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Friday, September 22, 2023

Kinly is Looking to Uplift Black Communities through Financial Education and Beneficial Banking Products

Kinly Strives To Uplift Black Communities Through Banking
Sean Roderick

Written by: Sean Roderick

Sean Roderick
Sean Roderick

As a full-time contributor to, Sean brought years of experience copyediting and providing constructive feedback on complex corporate financial documents. His primary areas of expertise include eCommerce, corporate investment, and consumer financial literacy. He believes everyone, regardless of current credit status, can benefit from expanding their financial knowledge.

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Edited by: Lillian Guevara-Castro

Lillian Guevara-Castro
Lillian Guevara-Castro

Lillian Guevara-Castro brings more than 30 years of editing and journalism experience to the CardRates team. She has written and edited for major news organizations, including The Atlanta Journal-Constitution and the New York Times, and she previously served as an adjunct journalism instructor at the University of Florida. Today, Lillian edits all CardRates content for clarity, accuracy, and reader engagement.

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In a Nutshell: Kinly provides a banking platform dedicated to helping Black communities grow wealth and cultivate social elevation. The company hopes that offering incentivized banking services can lead to greater financial empowerment for the underserved. Kinly does not charge any overdraft or monthly fees, and does not require a minimum balance. The company is currently developing a point rewards system that will encourage members to earn back savings while spending at their favorite retailers.

Looking back at history, Blacks living in America have had immeasurable hardships, starting with human slavery, continuing on past the civil rights movement and existing still with modern-day racial injustices.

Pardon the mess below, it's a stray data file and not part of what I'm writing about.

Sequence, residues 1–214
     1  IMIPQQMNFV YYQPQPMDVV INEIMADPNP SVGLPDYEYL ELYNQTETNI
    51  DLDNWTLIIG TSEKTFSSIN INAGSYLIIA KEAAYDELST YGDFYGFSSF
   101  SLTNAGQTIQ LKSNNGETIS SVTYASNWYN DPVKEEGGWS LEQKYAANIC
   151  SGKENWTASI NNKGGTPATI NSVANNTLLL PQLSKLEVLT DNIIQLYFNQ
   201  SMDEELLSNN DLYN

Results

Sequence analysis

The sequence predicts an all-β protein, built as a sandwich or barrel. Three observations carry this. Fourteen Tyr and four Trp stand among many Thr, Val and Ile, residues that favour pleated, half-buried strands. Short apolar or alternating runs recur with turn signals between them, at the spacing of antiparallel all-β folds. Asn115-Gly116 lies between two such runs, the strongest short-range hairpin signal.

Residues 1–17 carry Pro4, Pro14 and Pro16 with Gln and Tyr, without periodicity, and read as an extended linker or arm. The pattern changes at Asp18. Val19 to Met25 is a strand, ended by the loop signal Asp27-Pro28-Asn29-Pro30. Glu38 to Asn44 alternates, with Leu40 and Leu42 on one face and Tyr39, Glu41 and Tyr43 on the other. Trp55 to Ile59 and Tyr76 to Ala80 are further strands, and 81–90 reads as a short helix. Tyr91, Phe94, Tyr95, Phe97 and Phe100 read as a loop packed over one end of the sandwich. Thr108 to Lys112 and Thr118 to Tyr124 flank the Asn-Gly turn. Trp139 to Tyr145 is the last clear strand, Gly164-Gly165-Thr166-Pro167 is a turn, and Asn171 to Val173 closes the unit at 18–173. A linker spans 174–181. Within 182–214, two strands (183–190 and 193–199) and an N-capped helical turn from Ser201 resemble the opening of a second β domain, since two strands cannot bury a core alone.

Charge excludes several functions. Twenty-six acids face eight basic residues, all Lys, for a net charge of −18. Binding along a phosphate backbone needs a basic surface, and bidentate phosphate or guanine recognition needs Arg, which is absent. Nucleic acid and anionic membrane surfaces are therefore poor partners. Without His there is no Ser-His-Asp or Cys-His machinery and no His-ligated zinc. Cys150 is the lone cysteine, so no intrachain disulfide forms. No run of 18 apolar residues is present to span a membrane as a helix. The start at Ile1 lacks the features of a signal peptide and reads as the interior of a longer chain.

Such hardships have been woven into the fabric of the country both socially and systemically, especially in the financial industry.

After the ratification of the Emancipation Proclamation, newly freed slaves needed ways in which to gain financial autonomy in a country that saw them as less than citizens. So in 1865, Congress formed the Freedman’s Savings Bank.

Unfortunately, the bank was plagued with mismanagement and fraud. Even after electing Fredrick Douglass as its new president, the bank could not withstand the hemorrhaging and racist motives that led to its eventual bankruptcy.

Kinly logo banner

The poor mismanagement by the bank caused most of the Black account holders to lose all of their savings, forever losing their faith in the system. It was just one among many recurring struggles that Black communities would face over the generations to follow.

Fast-forwarding to the present, we can see that the same problem persists: a lack of trust in a system that has wronged their people time and time again.

After the latest social upheaval with the murder of George Floyd, Donald Hawkins began looking into modern banking platforms for the Black community. He found that there was close to none in his search, and that revelation sparked Hawkins’ desire to start a banking platform of his own that could serve a more meaningful purpose for Black communities.

In 2020, Hawkins founded Kinly, a financial services company that intends to help Black America build generational wealth. The company officially launched in June 2022 and has hit the ground running, improving financial livelihoods through financial education, Black-focused spending, and wealth building.

Building Banking Trust with Black America

Hawkins, who is the Founder and CEO of Kinly, lamented the fact that Black families have reason to doubt a system that has let them down over many generations.

“Black America has been in the same cycle, generation after generation, and not just about police brutality, but education reform, underemployment, healthcare, you name it. We’ve been fighting the same causes for many generations with very little to show for it in some instances,” said Hawkins.